Human heat maps
Two lovers look into each other’s eyes – their faces two red islands of warmth. A protective mask covers nose and mouth – like a thermal heat shield under burning eyes – with hair, head and neck combining to create a fiery image born of the Covid-19 pandemic. Thermal images along a colour spectrum ranging from light green to dark red are familiar to anyone who has dealt with house energy efficiency issues such as gaps in insulation.
Swiss architect Philippe Rahm, 53, who was educated at the EPFL in Lausanne, has used thermal imagery to create an artistic series of fiery snapshots that are on display at the Swiss Camera Museum in Vevey until the end of August 2021. French speaker Rahm, who lives and works in Paris, is an international pioneer in atmospheric architecture, which studies climate factors such as heat, cold, wind and humidity. He designed a huge eco park that opened in 2020 in the Taiwanese city of Taichung. Rahm’s favourite piece of professional equipment is his thermal imaging camera, which transforms invisible infrared radiation into different colours.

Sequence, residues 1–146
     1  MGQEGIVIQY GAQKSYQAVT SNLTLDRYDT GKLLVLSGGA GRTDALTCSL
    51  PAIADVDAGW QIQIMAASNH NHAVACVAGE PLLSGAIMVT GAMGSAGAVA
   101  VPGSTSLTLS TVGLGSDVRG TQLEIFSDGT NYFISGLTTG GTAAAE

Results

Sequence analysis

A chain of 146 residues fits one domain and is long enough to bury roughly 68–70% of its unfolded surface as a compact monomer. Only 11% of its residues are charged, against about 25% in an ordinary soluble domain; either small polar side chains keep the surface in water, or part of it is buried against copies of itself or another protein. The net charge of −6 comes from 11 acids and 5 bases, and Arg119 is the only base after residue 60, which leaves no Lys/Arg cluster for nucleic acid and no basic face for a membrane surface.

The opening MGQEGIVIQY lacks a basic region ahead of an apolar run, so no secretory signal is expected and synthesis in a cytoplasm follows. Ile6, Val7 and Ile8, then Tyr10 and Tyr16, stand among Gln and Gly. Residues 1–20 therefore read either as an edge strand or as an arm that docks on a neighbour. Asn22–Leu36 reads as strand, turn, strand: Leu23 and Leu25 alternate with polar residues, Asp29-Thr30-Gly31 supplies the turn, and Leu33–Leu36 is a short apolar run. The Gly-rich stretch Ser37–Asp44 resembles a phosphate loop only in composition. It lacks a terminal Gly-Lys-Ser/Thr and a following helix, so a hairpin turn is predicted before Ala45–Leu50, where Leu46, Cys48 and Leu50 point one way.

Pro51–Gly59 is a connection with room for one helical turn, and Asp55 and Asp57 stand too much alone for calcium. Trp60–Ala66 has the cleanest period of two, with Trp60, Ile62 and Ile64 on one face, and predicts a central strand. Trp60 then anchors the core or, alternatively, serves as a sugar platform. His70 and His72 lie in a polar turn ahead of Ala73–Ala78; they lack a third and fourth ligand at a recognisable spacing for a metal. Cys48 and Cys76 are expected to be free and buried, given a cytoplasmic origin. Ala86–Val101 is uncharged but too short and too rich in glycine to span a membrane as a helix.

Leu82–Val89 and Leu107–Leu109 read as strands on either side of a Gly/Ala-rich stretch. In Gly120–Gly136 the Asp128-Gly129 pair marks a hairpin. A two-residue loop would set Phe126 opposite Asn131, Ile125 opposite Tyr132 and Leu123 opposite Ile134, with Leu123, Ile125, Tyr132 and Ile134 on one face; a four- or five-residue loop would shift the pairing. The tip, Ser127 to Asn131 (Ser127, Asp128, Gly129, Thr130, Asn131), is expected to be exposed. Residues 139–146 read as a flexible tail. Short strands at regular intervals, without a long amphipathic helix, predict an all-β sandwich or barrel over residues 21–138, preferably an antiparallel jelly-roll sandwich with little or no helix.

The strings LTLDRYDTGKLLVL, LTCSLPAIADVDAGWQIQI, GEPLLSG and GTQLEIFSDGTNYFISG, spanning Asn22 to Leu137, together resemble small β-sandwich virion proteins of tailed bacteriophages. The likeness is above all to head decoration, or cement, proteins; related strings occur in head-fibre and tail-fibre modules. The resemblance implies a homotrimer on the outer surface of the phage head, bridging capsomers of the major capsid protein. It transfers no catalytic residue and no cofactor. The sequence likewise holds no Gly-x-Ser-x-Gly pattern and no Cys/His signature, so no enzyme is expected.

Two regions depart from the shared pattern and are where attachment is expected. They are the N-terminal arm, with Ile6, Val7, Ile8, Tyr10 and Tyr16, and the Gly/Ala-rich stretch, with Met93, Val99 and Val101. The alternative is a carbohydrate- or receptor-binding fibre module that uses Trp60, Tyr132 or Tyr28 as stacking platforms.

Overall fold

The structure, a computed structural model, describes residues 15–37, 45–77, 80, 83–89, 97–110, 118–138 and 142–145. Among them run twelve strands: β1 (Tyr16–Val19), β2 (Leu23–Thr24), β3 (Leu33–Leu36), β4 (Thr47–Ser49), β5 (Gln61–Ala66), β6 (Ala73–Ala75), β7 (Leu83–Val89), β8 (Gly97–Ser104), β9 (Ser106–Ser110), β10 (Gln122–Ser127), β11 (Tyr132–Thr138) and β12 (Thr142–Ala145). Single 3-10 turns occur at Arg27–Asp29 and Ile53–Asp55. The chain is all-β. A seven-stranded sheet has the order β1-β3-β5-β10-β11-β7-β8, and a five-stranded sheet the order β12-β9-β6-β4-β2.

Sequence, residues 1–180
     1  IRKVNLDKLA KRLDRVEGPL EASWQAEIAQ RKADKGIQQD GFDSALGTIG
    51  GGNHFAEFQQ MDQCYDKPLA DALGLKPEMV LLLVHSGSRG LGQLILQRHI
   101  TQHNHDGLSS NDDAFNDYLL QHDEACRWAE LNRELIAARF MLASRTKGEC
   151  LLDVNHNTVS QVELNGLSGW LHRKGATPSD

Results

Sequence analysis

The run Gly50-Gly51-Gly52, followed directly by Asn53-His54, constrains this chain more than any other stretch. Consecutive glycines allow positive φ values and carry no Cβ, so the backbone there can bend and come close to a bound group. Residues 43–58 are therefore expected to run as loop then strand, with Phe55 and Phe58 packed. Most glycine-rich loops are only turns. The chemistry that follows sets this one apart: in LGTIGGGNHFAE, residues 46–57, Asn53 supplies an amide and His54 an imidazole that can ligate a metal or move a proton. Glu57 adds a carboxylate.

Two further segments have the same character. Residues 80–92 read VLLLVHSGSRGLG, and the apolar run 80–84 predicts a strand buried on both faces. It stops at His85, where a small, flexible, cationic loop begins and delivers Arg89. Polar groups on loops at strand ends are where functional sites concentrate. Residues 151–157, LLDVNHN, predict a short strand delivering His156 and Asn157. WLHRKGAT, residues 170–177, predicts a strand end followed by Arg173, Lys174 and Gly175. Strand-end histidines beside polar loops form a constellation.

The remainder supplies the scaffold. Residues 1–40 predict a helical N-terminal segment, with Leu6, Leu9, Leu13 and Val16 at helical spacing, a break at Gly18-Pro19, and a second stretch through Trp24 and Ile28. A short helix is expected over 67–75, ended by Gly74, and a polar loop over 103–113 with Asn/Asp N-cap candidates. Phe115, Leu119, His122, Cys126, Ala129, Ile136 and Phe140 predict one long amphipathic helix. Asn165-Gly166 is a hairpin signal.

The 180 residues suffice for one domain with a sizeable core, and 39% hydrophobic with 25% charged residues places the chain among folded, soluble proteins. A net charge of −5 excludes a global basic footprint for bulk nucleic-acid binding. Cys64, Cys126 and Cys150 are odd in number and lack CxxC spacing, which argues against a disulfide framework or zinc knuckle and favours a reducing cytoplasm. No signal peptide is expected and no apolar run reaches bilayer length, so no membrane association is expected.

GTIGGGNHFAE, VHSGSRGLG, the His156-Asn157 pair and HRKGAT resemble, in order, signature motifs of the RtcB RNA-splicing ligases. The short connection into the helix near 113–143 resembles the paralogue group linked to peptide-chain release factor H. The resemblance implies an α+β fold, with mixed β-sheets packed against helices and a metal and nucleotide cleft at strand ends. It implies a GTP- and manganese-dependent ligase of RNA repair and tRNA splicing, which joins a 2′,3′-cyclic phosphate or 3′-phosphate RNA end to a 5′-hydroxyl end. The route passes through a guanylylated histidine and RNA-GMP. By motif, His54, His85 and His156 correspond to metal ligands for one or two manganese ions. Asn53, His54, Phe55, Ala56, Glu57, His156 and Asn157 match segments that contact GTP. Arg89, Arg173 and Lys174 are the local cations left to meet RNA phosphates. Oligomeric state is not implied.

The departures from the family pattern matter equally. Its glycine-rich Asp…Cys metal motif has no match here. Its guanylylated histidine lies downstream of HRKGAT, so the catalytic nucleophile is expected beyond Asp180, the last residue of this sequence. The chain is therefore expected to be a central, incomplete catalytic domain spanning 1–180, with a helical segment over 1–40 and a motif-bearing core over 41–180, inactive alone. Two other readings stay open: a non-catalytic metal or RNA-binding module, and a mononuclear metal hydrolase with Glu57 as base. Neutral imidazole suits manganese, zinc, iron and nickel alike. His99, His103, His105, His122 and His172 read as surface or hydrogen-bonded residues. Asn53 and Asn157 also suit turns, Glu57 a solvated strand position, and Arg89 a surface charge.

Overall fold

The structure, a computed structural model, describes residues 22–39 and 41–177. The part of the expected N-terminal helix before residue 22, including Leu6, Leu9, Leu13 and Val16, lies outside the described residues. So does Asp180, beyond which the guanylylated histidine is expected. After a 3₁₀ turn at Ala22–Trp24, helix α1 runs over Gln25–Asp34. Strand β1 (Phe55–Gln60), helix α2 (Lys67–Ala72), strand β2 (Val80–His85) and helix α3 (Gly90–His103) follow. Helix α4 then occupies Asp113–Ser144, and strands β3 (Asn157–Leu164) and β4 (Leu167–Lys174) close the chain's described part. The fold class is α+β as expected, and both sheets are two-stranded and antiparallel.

The thermal images in Vevey include an intimate portrait of Chilean architects (and couple) Mauricio Pezo and Sofia von Ellrichshausen as well as a selfie by Philippe Rahm himself. The reds in these pictures give off the most warmth. They are invisible human heat maps made visible.
“Infrared” by Philippe Rahm – a special exhibition on display until 29 August 2021 at the Swiss Camera Museum in Vevey, www.cameramuseum.ch